David Hartford

Sog.: from the story Wapi, the Walrus (1918) by James Oliver Curwood. Scen.: Nell Shipman, David Hartford. F.: Dal Clawson, Joseph Walker. M.: Cyril Gardner. Int.: Nell Shipman (Dolores LeBeau), Charles Arling (‘Sealskin’ Blake), Wheeler Oakman (Peter Burke), Wellington A. Playter (captain Rydal). Prod.: Shipman-Curwood Producing Company. 35mm. L: 1497 m. D: 73’ a 18 f/s. Col.

T. it.: Italian title. T. int.: International title. T. alt.: Alternative title. Sog.: Story. Scen.: Screenplay. F.: Cinematography. M.: Editing. Scgf.: Set Design. Mus.: Music. Int.: Cast. Prod.: Production Company. L.: Length. D.: Running Time. f/s: Frames per second. Bn.: Black e White. Col.: Color. Da: Print source

Film Notes

Back to God’s Country is an adaptation of a wilderness adventure tale by James Oliver Curwood. The short story was reworked into a scenario for a feature-length film by the lead actress, Nell Shipman, who was also an established scriptwriter. For the production, the Shipman-Curwood Producing Company was incorporated, in which Nell’s husband Ernest Shipman acted as the business manager and sales agent. Nell Shipman herself selected the cinematographer, director and cast. After a disagreement with Curwood, Nell Shipman withdrew from the company before the editing of the film was finished. The result was that on the print and in advertisements she was only credited as the actress, not for her other professional input. Nell Shipman also split with her husband, who continued working with Curwood for his new company, Curwood-Carver Productions. This explains why this company’s name came to figure prominently on the release prints and in the press.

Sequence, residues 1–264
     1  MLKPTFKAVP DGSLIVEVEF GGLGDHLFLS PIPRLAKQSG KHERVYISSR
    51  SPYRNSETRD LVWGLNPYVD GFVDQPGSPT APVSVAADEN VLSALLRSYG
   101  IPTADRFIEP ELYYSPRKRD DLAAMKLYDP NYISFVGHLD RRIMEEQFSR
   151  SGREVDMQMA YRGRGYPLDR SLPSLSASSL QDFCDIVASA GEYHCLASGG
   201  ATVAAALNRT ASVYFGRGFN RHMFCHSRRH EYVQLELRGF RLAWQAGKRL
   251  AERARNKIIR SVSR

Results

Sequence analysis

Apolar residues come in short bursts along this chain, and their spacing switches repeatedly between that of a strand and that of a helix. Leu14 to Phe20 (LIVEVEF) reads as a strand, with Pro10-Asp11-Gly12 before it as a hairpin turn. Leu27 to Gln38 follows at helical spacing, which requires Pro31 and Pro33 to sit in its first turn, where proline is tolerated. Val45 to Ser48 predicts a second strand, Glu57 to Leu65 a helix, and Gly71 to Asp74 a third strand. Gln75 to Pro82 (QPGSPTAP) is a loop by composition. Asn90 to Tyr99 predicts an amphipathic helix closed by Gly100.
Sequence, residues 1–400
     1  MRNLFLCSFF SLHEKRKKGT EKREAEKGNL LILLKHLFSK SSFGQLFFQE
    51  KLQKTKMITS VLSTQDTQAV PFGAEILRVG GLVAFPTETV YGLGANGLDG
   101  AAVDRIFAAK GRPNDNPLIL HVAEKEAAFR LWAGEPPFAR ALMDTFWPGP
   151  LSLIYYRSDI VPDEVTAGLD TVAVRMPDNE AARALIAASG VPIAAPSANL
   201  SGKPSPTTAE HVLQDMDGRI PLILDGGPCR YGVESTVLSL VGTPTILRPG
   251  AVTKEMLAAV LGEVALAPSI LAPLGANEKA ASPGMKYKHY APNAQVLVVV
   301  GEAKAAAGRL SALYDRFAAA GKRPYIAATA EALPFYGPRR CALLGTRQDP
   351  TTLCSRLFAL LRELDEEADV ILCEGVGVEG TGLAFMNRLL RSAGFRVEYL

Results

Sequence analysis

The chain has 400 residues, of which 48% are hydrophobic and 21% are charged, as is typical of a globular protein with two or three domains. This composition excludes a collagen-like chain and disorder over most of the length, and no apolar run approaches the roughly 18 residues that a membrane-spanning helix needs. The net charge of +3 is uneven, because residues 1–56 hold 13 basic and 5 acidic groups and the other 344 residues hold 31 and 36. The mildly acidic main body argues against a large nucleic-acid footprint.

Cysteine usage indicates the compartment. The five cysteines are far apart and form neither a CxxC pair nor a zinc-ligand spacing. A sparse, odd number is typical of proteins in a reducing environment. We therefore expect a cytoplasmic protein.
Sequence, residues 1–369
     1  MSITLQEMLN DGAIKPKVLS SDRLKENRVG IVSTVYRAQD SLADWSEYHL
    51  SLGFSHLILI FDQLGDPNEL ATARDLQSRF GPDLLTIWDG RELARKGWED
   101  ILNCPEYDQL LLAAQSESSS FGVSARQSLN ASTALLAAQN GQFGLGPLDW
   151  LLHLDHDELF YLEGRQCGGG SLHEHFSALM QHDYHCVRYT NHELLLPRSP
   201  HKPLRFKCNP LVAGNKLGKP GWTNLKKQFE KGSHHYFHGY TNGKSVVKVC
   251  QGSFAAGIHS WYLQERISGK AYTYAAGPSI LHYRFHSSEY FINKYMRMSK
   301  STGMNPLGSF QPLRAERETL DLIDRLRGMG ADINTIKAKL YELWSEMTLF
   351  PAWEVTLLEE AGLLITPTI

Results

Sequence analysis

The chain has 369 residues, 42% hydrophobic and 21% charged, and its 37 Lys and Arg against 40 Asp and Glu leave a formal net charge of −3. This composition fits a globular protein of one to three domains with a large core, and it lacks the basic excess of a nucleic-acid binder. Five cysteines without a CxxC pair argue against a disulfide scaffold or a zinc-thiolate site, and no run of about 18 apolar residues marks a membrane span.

The film was an international box-office success, but Shipman seems not to have shared in the profit. What she instead gathered from the experience, was the realisation that animal scenes elevated the adventure melodrama – an idea that would inform many of her subsequent films. Back to God’s Country contains scenes with over a dozen different species, including a raccoon and an owl, a Great Dane, a cub and an adult bear. They are not simply sylvan props, but each plays a role in the narrative. The raccoon and the owl welcome Dolores’ new lover, the cub bear goes about “scene stealing” (Shipman’s words) and the adult bear makes the voyeuristic villain look ridiculous. The largest role is for the dog who, like the girl, is assaulted by the villain(s). This inter-species bonding inspires both dog and girl to captivating heroism.

Annette Förster

Copy From

Restored by Library and Archives of Canada from two 35mm prints from American Film Institute and the private collection of J.D. Cunningham